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See also Con Law (Executive power: privilege). Executive privilege is provided only for the top ranking executive officers of the Executive Branch of the government. This privilege requires a reasonable relationship to the executive matter or the proceeding under consideration to invoke the privilege. A holder of executive privilege is absolutely privileged.


Neither the doctrine of separation of powers nor the generalized need for confidentiality of high-level communications, without more, can sustain an absolute, unqualified Presidential privilege of immunity from judicial process under all circumstances. See, e. g., Marbury v. Madison, 1 Cranch 137, 177; Baker v. Carr, 369 U.S. 186, 211. Absent a claim of need to protect military, diplomatic, or sensitive national security secrets, the confidentiality of Presidential communications is not significantly diminished by producing material for a criminal trial under the protected conditions of in camera inspection, and any absolute executive privilege under Art. II of the Constitution would plainly conflict with the function of the courts under the Constitution.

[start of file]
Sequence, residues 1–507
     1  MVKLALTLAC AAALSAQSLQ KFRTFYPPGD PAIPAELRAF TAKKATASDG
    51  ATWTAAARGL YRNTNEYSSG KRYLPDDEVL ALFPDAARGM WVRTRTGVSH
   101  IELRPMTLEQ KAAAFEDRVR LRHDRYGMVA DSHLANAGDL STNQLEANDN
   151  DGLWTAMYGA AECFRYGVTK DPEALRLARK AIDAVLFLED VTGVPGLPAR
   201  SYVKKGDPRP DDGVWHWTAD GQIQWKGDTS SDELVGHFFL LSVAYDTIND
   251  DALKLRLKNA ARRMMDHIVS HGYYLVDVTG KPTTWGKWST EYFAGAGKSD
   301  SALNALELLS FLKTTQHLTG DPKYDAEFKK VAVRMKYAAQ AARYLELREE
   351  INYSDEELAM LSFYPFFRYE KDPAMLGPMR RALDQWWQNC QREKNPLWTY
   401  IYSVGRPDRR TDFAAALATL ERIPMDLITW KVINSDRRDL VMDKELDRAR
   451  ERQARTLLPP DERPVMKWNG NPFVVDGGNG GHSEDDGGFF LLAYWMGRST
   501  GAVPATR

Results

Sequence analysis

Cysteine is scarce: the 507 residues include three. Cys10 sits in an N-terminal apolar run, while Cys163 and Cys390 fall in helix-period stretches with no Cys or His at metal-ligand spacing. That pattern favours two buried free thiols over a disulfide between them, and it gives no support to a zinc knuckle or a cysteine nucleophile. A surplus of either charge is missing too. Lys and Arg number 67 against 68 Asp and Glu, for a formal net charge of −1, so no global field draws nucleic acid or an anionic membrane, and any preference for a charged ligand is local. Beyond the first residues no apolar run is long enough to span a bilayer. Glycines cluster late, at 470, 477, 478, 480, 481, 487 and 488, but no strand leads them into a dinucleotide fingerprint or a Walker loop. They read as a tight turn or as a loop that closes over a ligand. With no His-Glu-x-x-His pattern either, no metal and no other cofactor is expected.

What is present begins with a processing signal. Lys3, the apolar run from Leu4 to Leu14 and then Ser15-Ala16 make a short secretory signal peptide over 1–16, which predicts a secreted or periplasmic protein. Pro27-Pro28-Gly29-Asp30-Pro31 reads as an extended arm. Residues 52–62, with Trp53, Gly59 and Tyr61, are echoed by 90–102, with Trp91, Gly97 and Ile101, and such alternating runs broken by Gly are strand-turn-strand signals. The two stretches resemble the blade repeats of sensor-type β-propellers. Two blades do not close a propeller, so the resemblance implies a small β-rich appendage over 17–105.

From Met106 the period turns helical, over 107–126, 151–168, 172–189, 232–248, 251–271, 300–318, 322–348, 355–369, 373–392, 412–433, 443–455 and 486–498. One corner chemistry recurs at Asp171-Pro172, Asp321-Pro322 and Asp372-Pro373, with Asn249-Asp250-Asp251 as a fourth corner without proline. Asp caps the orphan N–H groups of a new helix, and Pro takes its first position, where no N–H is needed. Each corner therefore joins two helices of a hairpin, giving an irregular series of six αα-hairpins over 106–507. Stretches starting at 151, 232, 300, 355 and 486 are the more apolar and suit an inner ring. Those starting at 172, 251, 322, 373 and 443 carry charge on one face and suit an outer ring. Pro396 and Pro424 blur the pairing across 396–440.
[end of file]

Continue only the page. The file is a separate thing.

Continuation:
Although the courts will afford the utmost deference to Presidential acts in the performance of an Art. II function, United States v. Burr, 25 F. Cas. 187, 190, 191-192 (No. 14,694), when ...

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